The escape routes that Matyáš Chochola seeks as a means of exiting from the current crisis of dominant rationality do indeed have a clearly centrifugal direction – as long as we understand the ideological centre to be the infinite rule of reason, carried over from the previous century or, if we choose to be more precise, something that arose during the Age of Enlightenment. Just as in the recent past it has been possible to note a return to modernism, oxygenated by post-modern critique (which has shaken the core of modernism and its rigid progressivity), it seems that a post-modern style is returning, a style whose empty core is being filled by an attempt to push forward the existing order of the social system.
Chochola is looking for a means whereby alternative practices could become generally relevant and might have an effect on the overall mentality of society. The strengthening of the individualistic approach to (political) life is being transformed into a path that brings to the forefront the aforementioned utilitarianism. It is impossible for this path to lead to a utopia, to be the same path for everyone. Quite to the contrary, it must stray of in various diverse directions towards a different system of values. Chochola chooses a dual strategy – he presents his own documented experience as an example and, at the same time, the fallacy of this type of example that, which leads to uncertainty and brings to live civic deliberation and independence.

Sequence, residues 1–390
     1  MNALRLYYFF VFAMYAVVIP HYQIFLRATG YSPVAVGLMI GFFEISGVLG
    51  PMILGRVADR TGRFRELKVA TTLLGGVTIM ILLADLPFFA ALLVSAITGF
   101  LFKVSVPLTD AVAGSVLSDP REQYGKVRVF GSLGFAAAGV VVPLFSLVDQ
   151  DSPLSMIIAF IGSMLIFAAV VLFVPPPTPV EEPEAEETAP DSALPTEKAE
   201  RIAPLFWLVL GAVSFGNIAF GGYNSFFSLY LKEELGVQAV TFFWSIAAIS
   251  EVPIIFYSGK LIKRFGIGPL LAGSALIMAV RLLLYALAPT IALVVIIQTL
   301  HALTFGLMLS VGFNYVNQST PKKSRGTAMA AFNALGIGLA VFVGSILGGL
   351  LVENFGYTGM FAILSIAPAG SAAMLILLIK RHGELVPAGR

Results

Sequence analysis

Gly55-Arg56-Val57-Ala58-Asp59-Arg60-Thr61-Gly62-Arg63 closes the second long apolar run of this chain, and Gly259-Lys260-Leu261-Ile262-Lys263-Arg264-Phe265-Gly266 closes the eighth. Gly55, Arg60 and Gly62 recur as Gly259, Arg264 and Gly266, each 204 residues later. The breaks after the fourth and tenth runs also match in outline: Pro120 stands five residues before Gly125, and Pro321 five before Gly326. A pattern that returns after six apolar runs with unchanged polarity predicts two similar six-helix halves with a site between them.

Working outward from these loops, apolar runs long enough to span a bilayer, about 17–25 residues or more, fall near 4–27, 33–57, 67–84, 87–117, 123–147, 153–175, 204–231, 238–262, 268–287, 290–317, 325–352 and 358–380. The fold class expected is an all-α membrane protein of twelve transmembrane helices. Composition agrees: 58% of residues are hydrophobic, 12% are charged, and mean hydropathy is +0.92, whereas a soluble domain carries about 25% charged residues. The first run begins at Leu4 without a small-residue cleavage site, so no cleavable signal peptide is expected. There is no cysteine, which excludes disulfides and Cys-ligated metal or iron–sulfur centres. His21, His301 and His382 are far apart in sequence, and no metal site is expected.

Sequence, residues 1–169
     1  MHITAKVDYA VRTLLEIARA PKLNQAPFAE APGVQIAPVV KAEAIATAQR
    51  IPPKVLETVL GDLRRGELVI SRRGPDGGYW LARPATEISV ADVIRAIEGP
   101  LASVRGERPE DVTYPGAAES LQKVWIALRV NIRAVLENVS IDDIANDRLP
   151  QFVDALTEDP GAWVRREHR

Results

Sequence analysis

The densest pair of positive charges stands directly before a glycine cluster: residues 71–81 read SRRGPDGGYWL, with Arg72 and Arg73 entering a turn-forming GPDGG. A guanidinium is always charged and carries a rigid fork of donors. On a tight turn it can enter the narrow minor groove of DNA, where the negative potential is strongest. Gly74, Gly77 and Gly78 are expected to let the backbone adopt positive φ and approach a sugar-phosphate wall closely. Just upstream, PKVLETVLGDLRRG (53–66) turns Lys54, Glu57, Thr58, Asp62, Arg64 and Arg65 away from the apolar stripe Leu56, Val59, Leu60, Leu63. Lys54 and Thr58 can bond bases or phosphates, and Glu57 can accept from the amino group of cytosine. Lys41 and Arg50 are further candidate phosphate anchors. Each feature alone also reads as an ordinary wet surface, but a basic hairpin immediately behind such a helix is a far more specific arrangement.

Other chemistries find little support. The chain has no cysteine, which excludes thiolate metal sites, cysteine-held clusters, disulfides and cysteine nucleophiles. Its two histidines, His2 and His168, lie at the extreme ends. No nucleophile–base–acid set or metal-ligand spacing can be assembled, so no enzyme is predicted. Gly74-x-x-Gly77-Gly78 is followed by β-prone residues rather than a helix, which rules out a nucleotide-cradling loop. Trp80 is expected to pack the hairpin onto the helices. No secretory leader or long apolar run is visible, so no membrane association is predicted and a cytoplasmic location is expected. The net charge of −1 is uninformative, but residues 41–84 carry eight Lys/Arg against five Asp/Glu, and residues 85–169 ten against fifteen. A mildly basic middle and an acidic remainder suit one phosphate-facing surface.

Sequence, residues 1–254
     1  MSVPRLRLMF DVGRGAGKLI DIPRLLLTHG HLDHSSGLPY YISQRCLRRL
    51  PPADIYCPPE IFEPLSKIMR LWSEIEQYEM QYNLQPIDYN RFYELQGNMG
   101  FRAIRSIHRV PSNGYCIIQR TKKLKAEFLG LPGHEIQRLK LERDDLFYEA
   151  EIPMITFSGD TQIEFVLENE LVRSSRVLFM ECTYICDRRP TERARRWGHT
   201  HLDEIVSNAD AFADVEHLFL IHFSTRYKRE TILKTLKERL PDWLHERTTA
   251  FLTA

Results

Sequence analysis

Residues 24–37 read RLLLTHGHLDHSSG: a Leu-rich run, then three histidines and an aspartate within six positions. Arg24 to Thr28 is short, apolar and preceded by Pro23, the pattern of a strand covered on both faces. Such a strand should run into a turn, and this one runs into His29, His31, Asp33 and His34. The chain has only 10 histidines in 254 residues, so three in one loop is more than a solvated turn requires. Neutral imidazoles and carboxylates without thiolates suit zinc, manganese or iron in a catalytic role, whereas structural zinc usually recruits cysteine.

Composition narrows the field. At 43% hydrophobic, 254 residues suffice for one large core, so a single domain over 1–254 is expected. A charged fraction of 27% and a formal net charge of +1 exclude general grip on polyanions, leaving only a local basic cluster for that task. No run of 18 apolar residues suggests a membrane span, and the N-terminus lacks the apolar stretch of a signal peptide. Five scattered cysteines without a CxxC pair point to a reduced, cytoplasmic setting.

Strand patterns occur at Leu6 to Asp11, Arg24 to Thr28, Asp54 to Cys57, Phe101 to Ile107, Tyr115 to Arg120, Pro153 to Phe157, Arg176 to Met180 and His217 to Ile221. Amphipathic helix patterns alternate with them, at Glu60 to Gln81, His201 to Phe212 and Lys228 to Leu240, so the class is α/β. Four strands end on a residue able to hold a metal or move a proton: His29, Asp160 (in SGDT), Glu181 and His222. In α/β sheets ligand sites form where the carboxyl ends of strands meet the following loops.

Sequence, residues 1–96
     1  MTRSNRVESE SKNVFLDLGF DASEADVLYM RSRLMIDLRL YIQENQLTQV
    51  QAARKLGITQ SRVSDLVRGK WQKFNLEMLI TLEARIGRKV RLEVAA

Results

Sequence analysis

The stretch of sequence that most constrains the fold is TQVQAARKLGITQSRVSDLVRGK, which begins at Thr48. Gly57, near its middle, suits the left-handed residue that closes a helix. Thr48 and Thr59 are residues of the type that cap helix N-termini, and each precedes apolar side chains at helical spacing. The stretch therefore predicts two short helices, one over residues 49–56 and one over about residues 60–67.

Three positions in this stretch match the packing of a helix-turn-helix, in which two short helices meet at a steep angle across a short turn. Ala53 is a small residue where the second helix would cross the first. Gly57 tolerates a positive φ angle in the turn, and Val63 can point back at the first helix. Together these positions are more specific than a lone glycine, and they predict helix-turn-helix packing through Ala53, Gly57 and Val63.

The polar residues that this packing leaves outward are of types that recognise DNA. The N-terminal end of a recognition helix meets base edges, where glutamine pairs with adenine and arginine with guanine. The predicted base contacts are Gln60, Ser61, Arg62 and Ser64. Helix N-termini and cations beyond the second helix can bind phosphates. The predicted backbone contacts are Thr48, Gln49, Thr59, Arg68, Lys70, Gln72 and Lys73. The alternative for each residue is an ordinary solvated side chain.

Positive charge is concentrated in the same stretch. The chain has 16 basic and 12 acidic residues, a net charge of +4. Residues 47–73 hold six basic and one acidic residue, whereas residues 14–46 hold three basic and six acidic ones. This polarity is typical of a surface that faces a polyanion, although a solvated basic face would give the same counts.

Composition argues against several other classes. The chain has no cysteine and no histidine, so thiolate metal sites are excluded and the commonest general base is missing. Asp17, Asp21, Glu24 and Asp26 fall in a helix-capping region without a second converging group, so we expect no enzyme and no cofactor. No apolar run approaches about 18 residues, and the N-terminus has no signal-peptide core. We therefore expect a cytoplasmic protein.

By drawing attention to an alchemistic heritage, Chochola strengthens the significance of the focused quests that have been questioned in the past. The prototype of an alchemist and his legendary and promised transmutations of lead into gold already contain within themselves the processed ambivalence of professional ambition and civic responsibility. The alchemist subversively diverts a part of the riches accumulated by the elite classes through visions of more reproducible wealth that the patron will acquire by supporting alchemical science. Chochola thus replaces today’s image of interchangeable science with an image of one of its historical variations, in a way that is cunningly parallel to the intentions of the elite, who otherwise rule over everything else. At the same time, these promises expectations of something new, an element that is lacking today. This great work is the objective and simultaneously a transformation; it is an ending that we currently feel very intensively and it should also be a beginning, whose form is languidly outlined through subtle hints. Chochola builds this archetype of the desire for the undiscovered, capturing it in the form of alchemical transmutation, next to a shamanic image – a deer man and a nymph standing next to a waterfall. This symbolic distribution of a model of the world may be interpreted in a wide variety of ways, one of which I am presenting here.